After reviewing an assessment of the best available scientific evidence, the World Health Organization (WHO) has concluded that the consumption of processed meats can increase a person’s chances of developing certain cancers. WHO, the Geneva-based public health arm of the United Nations, was following a recommendation from its International Agency for Research on Cancer (IARC), whose working group of 22 members from 10 countries reviewed more than 800 scientific studies. group classified the consumption of red meat as “probably carcinogenic to humans,” IARC stated in an announcement on Monday, Oct. 26, 2015. This decision was “based on limited evidence that the consumption of red meat causes cancer in humans and strong mechanistic evidence supporting a carcinogenic effect.” “This association was observed mainly for colorectal cancer, but associations were also seen for pancreatic cancer and prostate cancer,” stated IARC, which is headquartered in Lyon, France. The group noted that red meat and processed meat consumption varies greatly between different countries, and that the risk increased with the amount eaten per person. The experts concluded that each 50-gram portion of processed meat eaten daily increases the risk of colorectal cancer by 18 percent. A 50-gram serving of bacon is smaller than two slices, while an eight-ounce steak equals 225 grams. “For an individual, the risk of developing colorectal cancer because of their consumption of processed meat remains small, but this risk increases with the amount of meat consumed,” says Dr. Kurt Straif, head of the IARC Monographs Programme, adding, “In view of the large number of people who consume processed meat, the global impact on cancer incidence is of public health importance.” The cancer research group also stated that there was a balance to be struck between scientific information and dietary advice. ”These findings further support current public health recommendations to limit intake of meat,” said Dr. Christopher Wild, director of IARC. “At the same time, red meat has nutritional value. Therefore, these results are important in enabling governments and international regulatory agencies to conduct risk assessments, in order to balance the risks and benefits of eating red meat and processed meat and to provide the best possible dietary recommendations.” Red meat was defined as beef, pork, veal and lamb. Processed meat includes hot dogs, salami, bacon, sausages, corned beef, jerky, ham and other meats which have been smoked, cured, or had salt or preservatives added to extend the shelf life or change the taste. The North American Meat Institute called the IARC report a “dramatic and alarmist overreach” and stressed that many studies show there are health benefits from eating meat and others show no correlation between meat consumption and cancer. “Red and processed meat are among 940 substances reviewed by IARC found to pose some level of theoretical ‘hazard.’ Only one substance, a chemical in yoga pants, has been declared by IARC not to cause cancer,” said Barry Carpenter, NAMI president and CEO. He added, “Scientific evidence shows cancer is a complex disease not caused by single foods and that a balanced diet and healthy lifestyle choices are essential to good health.”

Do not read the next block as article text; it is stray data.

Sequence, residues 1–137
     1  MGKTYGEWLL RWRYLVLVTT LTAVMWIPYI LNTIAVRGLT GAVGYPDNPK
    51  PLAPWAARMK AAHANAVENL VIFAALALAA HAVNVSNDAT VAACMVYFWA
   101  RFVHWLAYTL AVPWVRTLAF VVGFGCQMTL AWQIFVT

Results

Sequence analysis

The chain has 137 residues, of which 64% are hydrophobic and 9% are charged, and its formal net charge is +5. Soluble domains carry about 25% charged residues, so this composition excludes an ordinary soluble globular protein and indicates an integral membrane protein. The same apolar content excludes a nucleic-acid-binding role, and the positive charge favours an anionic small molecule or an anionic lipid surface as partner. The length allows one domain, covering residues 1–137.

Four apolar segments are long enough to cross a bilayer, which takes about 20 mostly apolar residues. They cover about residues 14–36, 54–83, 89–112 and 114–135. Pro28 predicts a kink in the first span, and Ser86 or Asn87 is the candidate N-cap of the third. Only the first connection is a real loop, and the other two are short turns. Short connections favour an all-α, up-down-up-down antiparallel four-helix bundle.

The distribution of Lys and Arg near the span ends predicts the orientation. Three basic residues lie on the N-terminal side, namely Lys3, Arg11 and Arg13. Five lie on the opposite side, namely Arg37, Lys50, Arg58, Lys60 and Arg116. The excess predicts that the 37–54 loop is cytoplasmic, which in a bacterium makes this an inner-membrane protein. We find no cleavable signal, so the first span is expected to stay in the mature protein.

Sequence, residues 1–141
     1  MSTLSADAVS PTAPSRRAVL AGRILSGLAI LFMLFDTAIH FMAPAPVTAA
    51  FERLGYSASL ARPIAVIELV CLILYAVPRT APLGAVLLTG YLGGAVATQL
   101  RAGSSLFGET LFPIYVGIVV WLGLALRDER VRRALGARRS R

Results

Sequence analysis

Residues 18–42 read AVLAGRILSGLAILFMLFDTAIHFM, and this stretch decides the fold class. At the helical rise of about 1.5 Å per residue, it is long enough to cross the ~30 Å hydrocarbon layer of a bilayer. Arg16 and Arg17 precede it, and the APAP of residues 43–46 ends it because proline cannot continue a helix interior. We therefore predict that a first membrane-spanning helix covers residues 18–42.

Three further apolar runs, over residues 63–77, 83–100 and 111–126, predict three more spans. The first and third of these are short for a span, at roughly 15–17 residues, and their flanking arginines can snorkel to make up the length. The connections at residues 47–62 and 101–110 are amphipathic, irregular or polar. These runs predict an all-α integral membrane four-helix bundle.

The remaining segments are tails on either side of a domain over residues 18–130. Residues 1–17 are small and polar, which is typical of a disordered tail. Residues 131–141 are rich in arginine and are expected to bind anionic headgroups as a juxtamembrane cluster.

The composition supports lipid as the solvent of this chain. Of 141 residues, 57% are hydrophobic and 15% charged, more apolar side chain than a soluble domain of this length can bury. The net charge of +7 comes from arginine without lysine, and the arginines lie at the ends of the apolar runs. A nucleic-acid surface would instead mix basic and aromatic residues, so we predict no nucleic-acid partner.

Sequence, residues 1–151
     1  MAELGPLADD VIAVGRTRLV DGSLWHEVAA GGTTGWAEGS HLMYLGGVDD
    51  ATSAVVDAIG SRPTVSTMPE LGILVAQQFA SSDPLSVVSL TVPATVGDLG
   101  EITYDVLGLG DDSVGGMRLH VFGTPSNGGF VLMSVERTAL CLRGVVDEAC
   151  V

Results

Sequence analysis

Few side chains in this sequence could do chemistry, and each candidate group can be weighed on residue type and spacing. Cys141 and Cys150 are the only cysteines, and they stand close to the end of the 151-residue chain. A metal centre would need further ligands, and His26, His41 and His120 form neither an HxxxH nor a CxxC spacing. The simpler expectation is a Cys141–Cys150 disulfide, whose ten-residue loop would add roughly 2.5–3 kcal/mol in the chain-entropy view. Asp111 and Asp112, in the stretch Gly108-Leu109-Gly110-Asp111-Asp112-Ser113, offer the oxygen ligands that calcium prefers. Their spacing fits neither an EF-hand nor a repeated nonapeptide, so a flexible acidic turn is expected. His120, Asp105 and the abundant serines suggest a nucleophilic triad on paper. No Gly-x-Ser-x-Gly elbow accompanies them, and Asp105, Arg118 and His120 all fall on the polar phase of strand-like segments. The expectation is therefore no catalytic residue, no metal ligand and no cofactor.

(To sign up for a free subscription to Food Safety News, click here.)